Photo & Video

Despite a good effort to melt its photo block at the level of its edges, Samsung retains a bulky appendage, which could bother users already inconvenienced by the size of the block of the S20. On the other hand, if the S21 Ultra benefits from a photo block similar to the Note 20 Ultra, the S21 and S21+ carry the same artillery. We find at the front, a single front sensor of 10 MP in f/2.2, housed in a single central punch. At the back, the terminals embark a main sensor of 12 MP (f/1.8), a 3x telephoto lens of 64 MP, and an ultra-wide angle of 12 MP.

In use, the rendering is very successful. Those used to Samsung will recognize a contrast a little more advanced than necessary, but which allows to accentuate the details, especially in night mode. The brand is continuing its momentum, also improving its AI on the recognition of scenes, and simplifying its general interface. The Single Take mode is also back in a revised version of the most pleasant.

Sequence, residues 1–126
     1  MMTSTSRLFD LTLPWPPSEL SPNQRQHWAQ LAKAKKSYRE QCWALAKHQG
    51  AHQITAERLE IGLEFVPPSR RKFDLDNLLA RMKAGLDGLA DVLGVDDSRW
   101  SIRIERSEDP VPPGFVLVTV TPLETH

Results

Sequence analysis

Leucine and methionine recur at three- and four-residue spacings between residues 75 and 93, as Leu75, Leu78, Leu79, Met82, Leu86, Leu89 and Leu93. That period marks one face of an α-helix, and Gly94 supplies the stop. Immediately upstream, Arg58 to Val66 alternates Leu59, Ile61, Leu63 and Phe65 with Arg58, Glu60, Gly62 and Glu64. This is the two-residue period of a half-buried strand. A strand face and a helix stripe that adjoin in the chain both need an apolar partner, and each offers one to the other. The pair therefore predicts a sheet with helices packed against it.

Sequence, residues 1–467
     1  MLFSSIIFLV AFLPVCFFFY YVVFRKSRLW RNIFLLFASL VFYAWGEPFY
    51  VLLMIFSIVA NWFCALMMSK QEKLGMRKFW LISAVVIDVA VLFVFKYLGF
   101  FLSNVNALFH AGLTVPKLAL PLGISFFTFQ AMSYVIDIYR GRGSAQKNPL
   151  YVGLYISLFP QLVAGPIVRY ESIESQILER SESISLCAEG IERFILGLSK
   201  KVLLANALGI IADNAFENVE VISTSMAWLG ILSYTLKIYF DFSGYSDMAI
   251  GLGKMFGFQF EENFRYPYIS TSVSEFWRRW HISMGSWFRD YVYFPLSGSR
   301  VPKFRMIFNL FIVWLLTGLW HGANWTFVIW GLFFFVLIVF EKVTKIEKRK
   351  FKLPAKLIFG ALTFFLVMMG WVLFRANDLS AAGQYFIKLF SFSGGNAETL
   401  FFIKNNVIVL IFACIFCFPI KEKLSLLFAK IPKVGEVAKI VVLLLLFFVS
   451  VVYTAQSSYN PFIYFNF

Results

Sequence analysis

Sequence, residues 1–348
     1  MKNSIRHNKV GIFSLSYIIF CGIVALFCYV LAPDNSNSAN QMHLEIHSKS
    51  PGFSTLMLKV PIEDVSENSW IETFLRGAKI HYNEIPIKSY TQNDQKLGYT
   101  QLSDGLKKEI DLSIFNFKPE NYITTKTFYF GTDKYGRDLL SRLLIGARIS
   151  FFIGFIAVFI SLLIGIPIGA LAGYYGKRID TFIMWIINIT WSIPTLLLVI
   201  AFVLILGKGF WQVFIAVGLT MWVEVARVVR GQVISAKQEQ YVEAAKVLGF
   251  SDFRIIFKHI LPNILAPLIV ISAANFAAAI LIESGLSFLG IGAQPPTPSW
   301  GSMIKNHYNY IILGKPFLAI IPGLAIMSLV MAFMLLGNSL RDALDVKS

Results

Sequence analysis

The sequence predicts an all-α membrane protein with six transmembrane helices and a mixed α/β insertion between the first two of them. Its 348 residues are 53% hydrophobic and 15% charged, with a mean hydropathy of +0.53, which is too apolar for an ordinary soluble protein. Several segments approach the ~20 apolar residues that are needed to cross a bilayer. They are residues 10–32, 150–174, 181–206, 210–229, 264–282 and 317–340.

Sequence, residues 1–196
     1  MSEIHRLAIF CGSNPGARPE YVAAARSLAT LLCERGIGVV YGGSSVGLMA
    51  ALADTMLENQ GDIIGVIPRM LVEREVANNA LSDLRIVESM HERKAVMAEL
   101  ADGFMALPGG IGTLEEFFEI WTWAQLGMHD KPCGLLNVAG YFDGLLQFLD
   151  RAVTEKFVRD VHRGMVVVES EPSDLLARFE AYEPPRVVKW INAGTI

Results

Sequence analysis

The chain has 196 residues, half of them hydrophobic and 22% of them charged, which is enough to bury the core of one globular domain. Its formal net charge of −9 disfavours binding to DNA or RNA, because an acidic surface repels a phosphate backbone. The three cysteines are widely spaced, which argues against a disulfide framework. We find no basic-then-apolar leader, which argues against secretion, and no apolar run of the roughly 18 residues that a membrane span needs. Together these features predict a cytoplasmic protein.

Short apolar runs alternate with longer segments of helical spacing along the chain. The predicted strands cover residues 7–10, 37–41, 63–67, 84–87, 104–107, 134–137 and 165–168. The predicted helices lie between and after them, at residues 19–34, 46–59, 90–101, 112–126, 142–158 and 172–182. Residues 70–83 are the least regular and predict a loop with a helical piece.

Regarding video shooting, the terminals allow 8K capture in 24 fps. A promising possibility, but it requires optimal conditions to live up to our expectations. In 4K and 60 fps on the other hand, the rendering is more accessible. Rather practical, we also find the possibility of filming in slow motion up to 960 fps in 1080p. It is also possible to pause the video directly during the shooting, a feature that Samsung is for the moment the only manufacturer to offer.